Asam Pedas Ikan Recipe

Asam Pedas Ikan is a popular Malay dish that combines two big flavour profiles into one ridiculously good dish! Think Spicy and Sour, but done by Malaysia instead of Thailand!

Asam Pedas Ikan is commonplace in many hawker centres in Singapore, or even Malay households. I always thought of this dish as the Malaysian answer to the fiery Thai Tom Yam. It has pretty much all the basics of a Thai Tom Yam, but is done differently, with the addition of tamarind which translates to Asam.

The Fish

I have used Nile PreCuts here. Generally, I do not buy fish from the fishmonger in the wet market. There’s nothing upper-lipped about this; it’s simply because I am not well-versed in wagering with fishmongers for what I want. With clearly written prices at the chicken or even mutton stalls, I can easily buy what I want. But fish and seafood tends to be a dance between the agreement of demand and supply. The same cuts of fish can sometimes be more expensive than others, depending on what’s available at the wholesale market. 

There are some varieties of fish you can place your bets on, those that are more frequently available such as red snapper and pomfret – the price for these are quite stable. However, raw fish can freeze wonderfully, and I am very thankful for it. I pick up the Nile PreCut fish whenever I’m in the supermarket, at $8.60 per 450g of fish. For this recipe, I have used all of the 450g. 

The Rempah

The Rempah, or spice paste, is usually the base for most Malay and Peranakan dishes. Every dish calls for a unique blend of root ingredients to form the base of the dish; this is then turned into rempah or spice paste which is sauteed in hot oil. As with all rempah, this can and will spit at you when poured into the hot oil. Perhaps this is one of the many reasons why Peranakan and Malay ladies get so much respect for being quite the matriarchs – they face this with bravery. I, being the regular mortal with an insatiable appetite, possesses no such courage so I scream and jump and persistently stir (gently) through all this drama. The stove will also become a mess once you’re doing with this step, but this dish is totally worth it and this is also why we have Cif anti-grease kitchen spray. 

Asam Pedas Ikan Recipe

Recipe by Krishy MalCourse: MainCuisine: MalaysianDifficulty: Easy


Prep time


Cooking time



Asam Pedas Ikan is a popular Malay dish that combines two big flavour profiles into one ridiculously good dish! Think Spicy and Sour, but done by Malaysia instead of Thailand!

You’ll need;

  • ¼ Cup Vegetable Oil (I used Sunflower)

  • 1-inch Galangal, sliced into fat circles

  • 1 Stalk Lemongrass, bruised

  • 300ml Water

  • 1 ½ Tbsp Thick Tamarind Paste (see notes)

  • 450g Nile Pre Cut White Fish

  • 4 Stalks Laksa Leaves

  • 1 Tsp Turmeric

  • 1 Tsp Sugar

  • 1 Tsp Salt (or, to taste)

  • For the Rempah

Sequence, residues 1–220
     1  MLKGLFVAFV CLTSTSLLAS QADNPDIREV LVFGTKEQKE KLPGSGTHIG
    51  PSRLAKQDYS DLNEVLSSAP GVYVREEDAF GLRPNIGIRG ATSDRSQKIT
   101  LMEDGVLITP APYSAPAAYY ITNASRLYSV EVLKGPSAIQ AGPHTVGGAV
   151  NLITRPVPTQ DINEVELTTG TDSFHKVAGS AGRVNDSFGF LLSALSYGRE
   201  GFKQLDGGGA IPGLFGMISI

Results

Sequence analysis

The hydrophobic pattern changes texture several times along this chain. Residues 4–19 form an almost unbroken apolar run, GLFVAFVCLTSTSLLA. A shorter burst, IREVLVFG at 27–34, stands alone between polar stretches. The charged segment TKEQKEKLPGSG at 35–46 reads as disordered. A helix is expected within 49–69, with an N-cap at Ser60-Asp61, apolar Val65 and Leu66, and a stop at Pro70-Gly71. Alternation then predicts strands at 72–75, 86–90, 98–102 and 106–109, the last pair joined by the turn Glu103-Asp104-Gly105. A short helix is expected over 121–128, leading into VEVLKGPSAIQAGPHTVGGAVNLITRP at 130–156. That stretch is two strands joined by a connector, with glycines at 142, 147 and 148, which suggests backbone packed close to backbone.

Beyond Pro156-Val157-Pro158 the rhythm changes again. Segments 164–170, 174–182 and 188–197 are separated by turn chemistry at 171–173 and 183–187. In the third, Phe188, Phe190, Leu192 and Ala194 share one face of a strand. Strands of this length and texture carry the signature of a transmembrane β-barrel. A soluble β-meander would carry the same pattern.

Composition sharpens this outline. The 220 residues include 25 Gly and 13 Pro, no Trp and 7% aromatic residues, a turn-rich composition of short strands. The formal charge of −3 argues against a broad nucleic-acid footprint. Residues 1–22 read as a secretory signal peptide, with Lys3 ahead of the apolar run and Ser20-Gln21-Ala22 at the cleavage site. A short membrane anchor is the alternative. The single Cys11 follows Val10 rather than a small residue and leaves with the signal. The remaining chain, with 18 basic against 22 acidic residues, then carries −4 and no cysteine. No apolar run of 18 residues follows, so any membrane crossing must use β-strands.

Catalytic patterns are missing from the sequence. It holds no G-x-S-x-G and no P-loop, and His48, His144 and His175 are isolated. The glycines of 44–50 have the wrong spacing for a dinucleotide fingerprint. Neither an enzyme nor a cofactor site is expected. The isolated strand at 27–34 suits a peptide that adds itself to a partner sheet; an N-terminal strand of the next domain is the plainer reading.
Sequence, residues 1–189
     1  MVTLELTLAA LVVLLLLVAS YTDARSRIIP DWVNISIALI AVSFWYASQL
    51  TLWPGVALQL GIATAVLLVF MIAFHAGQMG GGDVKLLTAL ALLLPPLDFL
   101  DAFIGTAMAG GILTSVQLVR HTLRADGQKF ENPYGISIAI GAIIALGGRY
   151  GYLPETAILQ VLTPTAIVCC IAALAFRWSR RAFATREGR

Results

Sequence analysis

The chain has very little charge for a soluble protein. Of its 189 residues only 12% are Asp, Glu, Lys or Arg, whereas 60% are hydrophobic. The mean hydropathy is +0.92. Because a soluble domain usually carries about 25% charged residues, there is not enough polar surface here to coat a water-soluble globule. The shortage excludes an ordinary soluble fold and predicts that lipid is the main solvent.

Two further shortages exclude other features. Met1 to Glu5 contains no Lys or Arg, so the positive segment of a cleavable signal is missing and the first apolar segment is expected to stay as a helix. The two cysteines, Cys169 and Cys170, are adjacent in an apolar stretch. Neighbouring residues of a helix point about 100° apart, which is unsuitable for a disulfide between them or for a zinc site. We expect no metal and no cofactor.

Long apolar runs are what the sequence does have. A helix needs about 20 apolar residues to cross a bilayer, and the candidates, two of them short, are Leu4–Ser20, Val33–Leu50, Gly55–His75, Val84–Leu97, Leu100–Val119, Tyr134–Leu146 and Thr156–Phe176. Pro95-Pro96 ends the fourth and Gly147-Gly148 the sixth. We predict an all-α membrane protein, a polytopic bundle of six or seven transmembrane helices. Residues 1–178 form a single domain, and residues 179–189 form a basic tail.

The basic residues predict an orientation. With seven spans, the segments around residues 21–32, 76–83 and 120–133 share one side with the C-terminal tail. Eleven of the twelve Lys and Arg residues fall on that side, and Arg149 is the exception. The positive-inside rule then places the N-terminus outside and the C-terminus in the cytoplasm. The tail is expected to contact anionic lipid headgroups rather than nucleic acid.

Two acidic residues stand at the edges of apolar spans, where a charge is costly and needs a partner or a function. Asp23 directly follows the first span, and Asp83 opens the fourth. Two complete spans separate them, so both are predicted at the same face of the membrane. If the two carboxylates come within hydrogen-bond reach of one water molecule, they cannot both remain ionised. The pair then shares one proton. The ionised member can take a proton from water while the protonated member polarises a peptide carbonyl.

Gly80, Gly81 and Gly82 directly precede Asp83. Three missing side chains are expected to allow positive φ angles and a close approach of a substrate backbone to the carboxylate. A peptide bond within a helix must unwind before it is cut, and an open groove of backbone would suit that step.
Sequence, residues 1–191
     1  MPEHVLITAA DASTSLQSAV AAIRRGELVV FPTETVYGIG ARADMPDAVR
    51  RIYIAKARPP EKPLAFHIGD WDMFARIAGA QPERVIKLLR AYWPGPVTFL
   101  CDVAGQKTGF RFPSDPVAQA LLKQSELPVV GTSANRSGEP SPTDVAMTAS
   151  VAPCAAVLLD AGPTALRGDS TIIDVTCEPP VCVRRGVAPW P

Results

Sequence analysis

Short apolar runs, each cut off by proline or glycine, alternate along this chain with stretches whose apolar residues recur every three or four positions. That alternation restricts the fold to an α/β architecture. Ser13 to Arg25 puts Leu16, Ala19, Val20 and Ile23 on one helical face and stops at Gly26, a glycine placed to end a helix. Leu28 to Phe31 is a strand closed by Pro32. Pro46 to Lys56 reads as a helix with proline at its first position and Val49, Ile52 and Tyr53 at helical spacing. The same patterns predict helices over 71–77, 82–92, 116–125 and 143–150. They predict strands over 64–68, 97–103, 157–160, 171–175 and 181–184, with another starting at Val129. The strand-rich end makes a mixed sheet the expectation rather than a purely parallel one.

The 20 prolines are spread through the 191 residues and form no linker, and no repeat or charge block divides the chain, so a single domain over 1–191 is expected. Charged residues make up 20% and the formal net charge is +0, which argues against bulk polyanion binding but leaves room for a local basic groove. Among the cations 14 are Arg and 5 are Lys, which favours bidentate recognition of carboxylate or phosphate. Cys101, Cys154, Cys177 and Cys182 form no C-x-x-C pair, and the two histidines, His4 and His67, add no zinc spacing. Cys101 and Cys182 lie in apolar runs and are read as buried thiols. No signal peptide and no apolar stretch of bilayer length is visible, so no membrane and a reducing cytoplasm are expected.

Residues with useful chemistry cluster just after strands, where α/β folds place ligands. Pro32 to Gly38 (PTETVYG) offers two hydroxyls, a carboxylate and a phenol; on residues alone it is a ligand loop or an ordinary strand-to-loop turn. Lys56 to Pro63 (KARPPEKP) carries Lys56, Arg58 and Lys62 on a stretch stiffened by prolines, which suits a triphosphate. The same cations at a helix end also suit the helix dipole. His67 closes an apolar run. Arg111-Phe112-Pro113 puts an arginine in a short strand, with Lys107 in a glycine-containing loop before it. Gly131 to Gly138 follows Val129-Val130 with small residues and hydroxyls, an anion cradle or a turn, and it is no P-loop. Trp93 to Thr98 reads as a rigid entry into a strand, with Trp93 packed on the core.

• 2 Candlenuts

  • 15 Dried Chillies, rehydrated in hot water for 7 to 10 mins

  • 1 Large Red Onion, peeled and cut into quarters

  • 4 Shallots, peeled and cut into halves

  • 4 Cloves of Garlic, peeled

  • 250ml Water

You’ll need to;

  • Remove the leaves from the stalks of the laksa leaves. Discard the stalks and keep the leaves aside. You can add the stalks too if you like, I prefer using the leaves alone. Mix the tamarind paste with the water and set aside.

  • Drain the dried red chillies. Make the rempah by placing all the necessary ingredients into a blender and grinding them to a smooth, fiery-red paste. Set aside.

  • Heat the oil in a large skillet over medium heat. When the oil is hot, add the rempah, chopped galangal and bruised lemongrass. This will sputter and spit at you like mad, do not be alarmed; you got this! Keep stirring the rempah in the hot oil and try not to cough too much. Eventually, the rempah will settle down and start to cook, its colour becoming darker as it cooks. Cook this for approximately 8 minutes.

  • Give the water a good stir as the tamarind tends to settle. Pour this mixture into the rempah and mix thoroughly. To this, add the turmeric and salt and mix well. Allow this mixture to come to a boil, about 2 minutes.

  • Add the fish when this happens, one fillet at a time. Add the sugar and half the laksa leaves. Stir to mix, lower the heat slightly and cover with a lid. Leave it for around 3 minutes, as this fish cooks pretty fast.

  • Remove the lid and check to see if the fish is done. If it isn’t, then cook for a further 2 minutes. If the white flesh is opaque all the way through, off the heat and add the remaining laksa leaves. Give it a good stir and serve right away, or warm.


  • If you would like to have this spicier, add 2 to 3 fresh chilli padi into the rempah when you’re grinding it. This will really take the dish up a notch – don’t say I didn’t warn you!
  • This makes a rather thick gravy. Add more water if you prefer something soup-like.
  • If you don’t have tamarind paste, dissolve a golf-ball size of tamarind pulp in the 300ml of water. Then, strain and set aside.

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